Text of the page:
“Agitated, lost, sometimes beside myself, and sometimes ready to die of weakness, my mind was filled with the massacre of my father, mother, and brother, with the insolence of the ugly Bulgarian soldier, with the stab that he gave me, with my servitude under the Bulgarian captain, with my hideous Don Issachar, with my abominable Inquisitor, with the execution of Doctor Pangloss, with the grand Miserere to which they whipped you, and especially with the kiss I gave you behind the screen the day that I had last seen you. I praised God for bringing you back to me after so many trials, and I charged my old woman to take care of you, and to conduct you hither as soon as possible. She has executed her commission perfectly well; I have tasted the inexpressible pleasure of seeing you again, of hearing you, of speaking with you. But you must be hungry, for myself, I am famished; let us have supper.”
They both sat down to table, and, when supper was over, they placed themselves once more on the sofa; where they were when Signor Don Issachar arrived. It was the Jewish Sabbath, and Issachar had come to enjoy his rights, and to explain his tender love.
The Jewish Sabbath, as opposed to the Christian Sabbath, occurs on Saturday instead of Sunday. It is observed from sunset on Friday to nightfall on Saturday, which means that Don Issachar's arrival can be timestamped at sometime after supper but before the first stars came out. (There is, of course, a lewd suggestion to the fact that he has come only at night and not earlier in the day.)— Sinead, Owl Eyes Editor
Notice that after all these horrors, Cunegonde thinks most of the kiss she and Candide shared in Chapter I. This is yet another example of her hopeless naivete: in spite of all the atrocities she has suffered so far, she's still a lovestruck teenager and is willing to risk putting both herself and Candide in danger in order to see him again.— Sinead, Owl Eyes Editor
Recall that Candide was whipped to the beat of a song, which is here revealed to be the Miserere, or Psalm 51 from the Bible. The Miserere is a song that begs God for forgiveness of sins and asks him to purify the sinner's body by any means necessary (including punishment like the one Candide receives).— Sinead, Owl Eyes Editor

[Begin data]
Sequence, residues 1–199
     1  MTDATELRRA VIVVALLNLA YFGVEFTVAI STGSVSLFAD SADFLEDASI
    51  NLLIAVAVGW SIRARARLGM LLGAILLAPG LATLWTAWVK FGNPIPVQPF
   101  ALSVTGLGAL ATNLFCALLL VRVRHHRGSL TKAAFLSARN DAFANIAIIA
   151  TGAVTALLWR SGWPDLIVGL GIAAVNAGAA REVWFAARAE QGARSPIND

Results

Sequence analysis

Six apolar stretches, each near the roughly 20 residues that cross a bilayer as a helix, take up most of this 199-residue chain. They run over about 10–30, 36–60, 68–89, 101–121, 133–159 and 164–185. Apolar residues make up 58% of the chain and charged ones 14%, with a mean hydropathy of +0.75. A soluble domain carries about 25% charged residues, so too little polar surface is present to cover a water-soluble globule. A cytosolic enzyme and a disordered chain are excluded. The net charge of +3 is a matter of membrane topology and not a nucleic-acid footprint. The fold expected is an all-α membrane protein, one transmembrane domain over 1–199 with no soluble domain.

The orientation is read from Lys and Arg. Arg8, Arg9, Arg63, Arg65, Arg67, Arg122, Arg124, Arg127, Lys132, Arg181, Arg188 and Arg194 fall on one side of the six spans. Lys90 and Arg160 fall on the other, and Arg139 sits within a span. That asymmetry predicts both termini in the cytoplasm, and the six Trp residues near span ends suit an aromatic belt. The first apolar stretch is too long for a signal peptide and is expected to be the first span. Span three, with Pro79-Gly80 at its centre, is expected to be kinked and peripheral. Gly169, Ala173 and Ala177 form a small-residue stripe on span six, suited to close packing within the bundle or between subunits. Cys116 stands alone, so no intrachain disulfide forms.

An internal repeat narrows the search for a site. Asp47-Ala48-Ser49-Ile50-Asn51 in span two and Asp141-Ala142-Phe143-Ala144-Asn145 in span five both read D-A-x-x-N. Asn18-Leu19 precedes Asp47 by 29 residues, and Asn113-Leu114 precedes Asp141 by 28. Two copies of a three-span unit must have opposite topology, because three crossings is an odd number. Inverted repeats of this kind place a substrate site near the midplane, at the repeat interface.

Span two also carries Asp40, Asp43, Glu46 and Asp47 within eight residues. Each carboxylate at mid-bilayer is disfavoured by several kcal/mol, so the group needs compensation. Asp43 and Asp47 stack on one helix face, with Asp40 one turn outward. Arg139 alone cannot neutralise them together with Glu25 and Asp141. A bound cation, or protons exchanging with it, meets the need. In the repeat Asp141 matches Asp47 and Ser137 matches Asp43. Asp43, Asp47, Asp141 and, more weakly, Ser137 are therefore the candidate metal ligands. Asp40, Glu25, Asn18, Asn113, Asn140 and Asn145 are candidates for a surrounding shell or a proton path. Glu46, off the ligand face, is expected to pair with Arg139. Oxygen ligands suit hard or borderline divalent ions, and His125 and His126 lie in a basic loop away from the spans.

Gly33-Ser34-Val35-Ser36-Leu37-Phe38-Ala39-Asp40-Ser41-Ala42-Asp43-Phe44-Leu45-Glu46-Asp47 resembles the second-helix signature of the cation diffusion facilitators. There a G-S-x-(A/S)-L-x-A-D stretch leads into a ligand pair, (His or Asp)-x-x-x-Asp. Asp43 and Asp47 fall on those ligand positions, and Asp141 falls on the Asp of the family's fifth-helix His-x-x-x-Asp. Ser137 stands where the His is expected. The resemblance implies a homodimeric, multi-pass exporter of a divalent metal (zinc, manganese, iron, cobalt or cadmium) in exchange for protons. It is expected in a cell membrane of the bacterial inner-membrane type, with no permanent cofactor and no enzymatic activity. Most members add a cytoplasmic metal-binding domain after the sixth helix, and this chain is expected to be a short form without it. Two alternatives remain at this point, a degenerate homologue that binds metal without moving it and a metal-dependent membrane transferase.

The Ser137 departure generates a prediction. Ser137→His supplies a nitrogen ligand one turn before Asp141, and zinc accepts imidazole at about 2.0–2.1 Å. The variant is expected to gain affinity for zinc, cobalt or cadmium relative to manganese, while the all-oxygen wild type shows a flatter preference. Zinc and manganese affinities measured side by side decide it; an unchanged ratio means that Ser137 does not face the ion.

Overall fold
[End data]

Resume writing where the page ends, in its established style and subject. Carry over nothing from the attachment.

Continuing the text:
Cunegonde has made a point of saying that she has been virtuous since meeting the Bulgarian captain, but this line, like the one about the captain being of "good shape," suggests otherwise. It may be that Cunegonde wants Candide to believe that she's been more virtuous than she actually has, so that he won't think less of her.— Sinead, Owl Eyes Editor
If Cunegonde had given in to the Grand Inquisitor and Don Issachar, this line implies, they wouldn't love her anymore (the logic being that a man is only interested in what he can't get, and that once a woman appears to no longer be virtuous he doesn't consider her beautiful or worthwhile). This kind of behavior wasn't uncommon in 18th Century Europe and is present even today.— Sinead, Owl Eyes Editor
Note the use of the word "resembled" here. In the last chapter, Cunegonde made it clear that she didn't know that Pangloss was dead, and yet here she says that she saw it quite clearly. Voltaire may well have chosen the word "resembled" to close this plot hole and move the story along.— Sinead, Owl Eyes Editor
This should be understood as a euphemism for wanting a chance to seduce her. The Grand Inquisitor, as the head of the Inquisition, was more likely a lawyer or scholar than a religious figure, and would thus not have been bound by any oaths of chastity. However, this desire to "save" a woman enslaved to one man by enslaving her to another reveals the essential hypocrisy of the Grand Inquisitor, whose self-interest is readily apparent here.— Sinead, Owl Eyes Editor
Easily managed, docile, and, in this case, pliant, in the sense that she could be coerced into providing sexual favors. He plans to do this by bringing her to his country house, which is even more lavish than the castle she grew up in with Candide. It's clear from the following passage that this plan isn't successful.— Sinead, Owl Eyes Editor
Given the horrific nature of Cunegonde's story, this is a shockingly inappropriate response from Candide, and one that has upsettingly sexual overtones (meaning that he'd like to see her naked one day). It's especially strange that Cunegonde herself relates this story in an emotionless, matter-of-fact way, which suggests that Voltaire made a conscious choice not to delve too deeply into Cunegonde's psychology (perhaps for the sake of narrative expediency).— Sinead, Owl Eyes Editor